I found out his home number. And I surreptitiously went to the public telephone, put in my ten cents (yes, with another two more coins in my hands in case the call exceeds three minutes), took a deep breath and dialed. Each time my finger turned the dial and I heard the whirr, my heart skipped a beat. But hey, if you don’t ask, you’ll never know! Imagine the relief when he himself came to the phone.
“Hey, I’m Catherine, you know, the girl at the Interact Club …”
“Catherine …” I said it a bit louder. This was going all wrong.
There was a ten-second silence. I wanted to hang up the phone.
“Oh …” he mumbled. Finally a response. Not what I expected.
“I was wondering …” I started, “would-you-like-to-see-a-show-with-me?”
In case you are wondering, yes, he agreed. That began a two-year relationship. I was in Secondary Three, he was in Four. Now I know why parents frown on BGRs. They confuse you, they distract you. Needless to say, he did not do well in his “O” Levels. His mother blamed me. And I did not do well as well. I blamed no one, though. I guess if I did not make that phone call, all this wouldn’t have happened. But well, it was a crazy two years of my life. There! If I hadn’t asked, I wouldn’t have known!
It was this same philosophy that guided me to get into the career I loved. Publishing. I started out at 18 as a general clerk with just my “O” Levels. Got married at 23 and as with all mothers then, having children was top priority. Along came Pat in 1985. Pat made my life complete. I came home early every day because I wanted to be with her, to play with her, to hug her …. and when she mouthed her first words, “mama,” I felt tears welling up in my eyes.
But there was this deep, gnawing desire to be working with books, my first love. But which publisher was going to employ me? No experience, no qualifications? And so I decided I had to write a book.
If you don’t try you don’t know!
It didn’t happen until Pam came along in 1988. I was by this time contributing short stories to a magazine published by Eastern Publishing. Pam was the sweetest baby I ever had. She slept at the right time, which was at night, and at one month old, she hardly woke up for her milk. When she stirred, all I had to do was to stretch my hand across to her cot beside my bed and pat her to sleep. I have to thank her for giving me time to think of writing a book. The result: Love Notes. Falling in love Singapore Style! Part-fiction, part-real ….. I had great fun writing them! I’ve decided to include my selection of the best four in this book. I still think these old-fashioned values hold true today. You be the judge!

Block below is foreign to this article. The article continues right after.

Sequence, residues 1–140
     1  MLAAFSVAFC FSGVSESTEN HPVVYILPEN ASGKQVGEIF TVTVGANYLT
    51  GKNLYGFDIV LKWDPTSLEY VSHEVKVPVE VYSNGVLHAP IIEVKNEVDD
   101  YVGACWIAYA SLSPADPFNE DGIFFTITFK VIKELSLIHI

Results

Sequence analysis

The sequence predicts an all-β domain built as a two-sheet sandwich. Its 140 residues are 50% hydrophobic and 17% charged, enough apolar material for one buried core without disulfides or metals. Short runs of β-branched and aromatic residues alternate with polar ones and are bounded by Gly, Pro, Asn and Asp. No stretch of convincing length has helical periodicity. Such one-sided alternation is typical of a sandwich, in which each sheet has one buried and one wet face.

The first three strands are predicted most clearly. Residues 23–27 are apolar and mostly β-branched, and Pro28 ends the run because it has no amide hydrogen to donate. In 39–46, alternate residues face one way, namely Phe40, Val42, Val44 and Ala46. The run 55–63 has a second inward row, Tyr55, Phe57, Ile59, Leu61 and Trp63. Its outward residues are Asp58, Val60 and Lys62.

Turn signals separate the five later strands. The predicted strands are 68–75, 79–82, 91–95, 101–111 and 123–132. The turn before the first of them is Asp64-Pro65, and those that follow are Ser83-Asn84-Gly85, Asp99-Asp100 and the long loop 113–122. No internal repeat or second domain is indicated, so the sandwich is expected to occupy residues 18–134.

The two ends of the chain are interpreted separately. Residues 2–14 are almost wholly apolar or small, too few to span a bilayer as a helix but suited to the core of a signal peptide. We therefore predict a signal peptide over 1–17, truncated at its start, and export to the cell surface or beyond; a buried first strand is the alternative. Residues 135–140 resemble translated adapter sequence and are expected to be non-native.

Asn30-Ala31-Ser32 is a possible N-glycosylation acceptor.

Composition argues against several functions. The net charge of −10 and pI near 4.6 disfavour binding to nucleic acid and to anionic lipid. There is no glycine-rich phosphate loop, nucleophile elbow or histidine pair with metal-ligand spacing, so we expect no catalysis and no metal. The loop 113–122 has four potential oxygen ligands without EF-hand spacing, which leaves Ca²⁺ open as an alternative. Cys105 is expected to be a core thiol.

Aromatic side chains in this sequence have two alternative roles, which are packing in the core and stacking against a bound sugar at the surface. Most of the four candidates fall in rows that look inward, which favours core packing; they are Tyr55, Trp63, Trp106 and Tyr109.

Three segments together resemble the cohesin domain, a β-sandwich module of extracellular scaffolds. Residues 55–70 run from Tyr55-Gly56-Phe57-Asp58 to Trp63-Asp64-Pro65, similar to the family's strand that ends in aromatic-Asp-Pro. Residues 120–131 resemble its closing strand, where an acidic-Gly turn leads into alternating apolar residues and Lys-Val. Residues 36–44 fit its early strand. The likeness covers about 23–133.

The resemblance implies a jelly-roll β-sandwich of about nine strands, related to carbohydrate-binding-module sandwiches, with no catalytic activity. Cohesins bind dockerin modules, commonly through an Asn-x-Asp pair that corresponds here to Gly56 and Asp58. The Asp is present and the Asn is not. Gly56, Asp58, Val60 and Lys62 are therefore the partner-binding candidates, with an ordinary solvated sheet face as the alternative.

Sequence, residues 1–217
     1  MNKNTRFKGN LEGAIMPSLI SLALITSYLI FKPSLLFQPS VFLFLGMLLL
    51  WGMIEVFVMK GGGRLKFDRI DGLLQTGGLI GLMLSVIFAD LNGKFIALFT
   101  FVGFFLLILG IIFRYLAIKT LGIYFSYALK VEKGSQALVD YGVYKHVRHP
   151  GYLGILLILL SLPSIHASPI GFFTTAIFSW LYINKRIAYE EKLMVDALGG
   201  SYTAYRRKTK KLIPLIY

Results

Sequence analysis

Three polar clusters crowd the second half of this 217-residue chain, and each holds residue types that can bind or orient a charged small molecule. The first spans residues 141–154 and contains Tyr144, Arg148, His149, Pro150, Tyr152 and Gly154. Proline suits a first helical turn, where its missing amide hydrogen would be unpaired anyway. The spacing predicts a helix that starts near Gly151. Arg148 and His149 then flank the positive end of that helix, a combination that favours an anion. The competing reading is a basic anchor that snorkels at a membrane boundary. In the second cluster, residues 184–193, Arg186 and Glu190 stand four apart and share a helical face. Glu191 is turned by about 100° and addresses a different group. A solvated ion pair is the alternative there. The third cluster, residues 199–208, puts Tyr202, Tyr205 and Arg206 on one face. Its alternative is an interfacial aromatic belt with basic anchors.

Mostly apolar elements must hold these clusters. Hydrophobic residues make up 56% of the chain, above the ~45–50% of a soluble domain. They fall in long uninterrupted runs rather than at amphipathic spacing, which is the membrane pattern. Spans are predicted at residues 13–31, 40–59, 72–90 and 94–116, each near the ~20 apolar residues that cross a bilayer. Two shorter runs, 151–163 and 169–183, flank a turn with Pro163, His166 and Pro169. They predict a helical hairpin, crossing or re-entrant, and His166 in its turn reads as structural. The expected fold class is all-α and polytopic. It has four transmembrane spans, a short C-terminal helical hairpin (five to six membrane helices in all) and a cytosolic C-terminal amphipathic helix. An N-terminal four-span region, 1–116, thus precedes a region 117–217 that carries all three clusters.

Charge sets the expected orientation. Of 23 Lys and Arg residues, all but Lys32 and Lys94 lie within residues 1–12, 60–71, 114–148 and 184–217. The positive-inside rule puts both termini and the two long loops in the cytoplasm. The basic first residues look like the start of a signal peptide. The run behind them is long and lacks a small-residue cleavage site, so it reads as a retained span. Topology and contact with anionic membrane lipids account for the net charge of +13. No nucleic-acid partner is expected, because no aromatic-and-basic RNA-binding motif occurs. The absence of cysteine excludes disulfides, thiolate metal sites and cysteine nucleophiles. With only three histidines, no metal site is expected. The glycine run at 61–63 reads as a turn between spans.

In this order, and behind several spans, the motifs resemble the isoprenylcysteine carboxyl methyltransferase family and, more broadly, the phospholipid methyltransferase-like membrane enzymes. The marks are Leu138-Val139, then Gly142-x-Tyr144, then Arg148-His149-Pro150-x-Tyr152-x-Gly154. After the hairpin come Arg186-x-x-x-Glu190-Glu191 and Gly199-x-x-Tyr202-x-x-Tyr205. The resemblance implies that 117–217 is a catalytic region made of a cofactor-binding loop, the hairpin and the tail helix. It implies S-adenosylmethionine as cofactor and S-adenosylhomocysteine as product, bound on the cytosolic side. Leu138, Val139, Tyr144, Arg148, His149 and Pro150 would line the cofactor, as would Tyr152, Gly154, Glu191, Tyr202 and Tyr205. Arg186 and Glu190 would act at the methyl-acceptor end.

Okay, now that it’s written …. Well, typewritten, which sometimes I feel makes writers think harder, as we try to think of the best word so as not to have to do the xxxx backwards. Trust me! So, with a finished manuscript …. What’s left is to find a publisher! I heard horror stories that rejection slips are the norm for first-time authors. Some as many as 20! At the back of my head was the nagging doubt that no publisher would want to publish my book. I wrote to Federal Publications, who sent me a very curt note that they don’t do fiction. I gritted my teeth and went down the list. Heinemann? Sounded foreign, but worth a try. So, again, I slipped the 80-plus pages of my book into the envelope and wrote a “please-please-would-you-care-to-look-at-my-manuscript” letter. It took two weeks …. And one day, a letter from Heinemann came. It is true, the expression, my heart missed a beat, mine missed two … Do I open and be disappointed or do I not open and keep my hopes intact?
Rather hesitantly, I slit it open and dragged the letter out. The letter read, “We have read through your manuscript and would like to inform you that we would like to publish it under our Writing for Asia series.” Short and terse, signed off by the Managing Director, Charles Cher. Charles, if you are reading this, you gave me my first break because you believed in my book. Thank you, thank you very much!
I read the letter through, word for word, again and again. It felt so good, I don’t think anything like this can be put to words, but I’ll try. It’s like you discovered that someone believes in you, that that someone who has not seen you before likes what you have written and is willing to spend money on it. That it’s going to be in the bookshops. That’s the heady dizzy feel. Then when you actually see your book, actually hold it in your hands, you cannot, still cannot believe it. Till today, I don’t think any published author can adequately put into words how they felt when they first see and feel their book! I held mine against my chest, breathed in the fragrance of the pages, read and reread every word in every page, and yes, put it next to my bedside table. It was the last thing I looked at before I slept!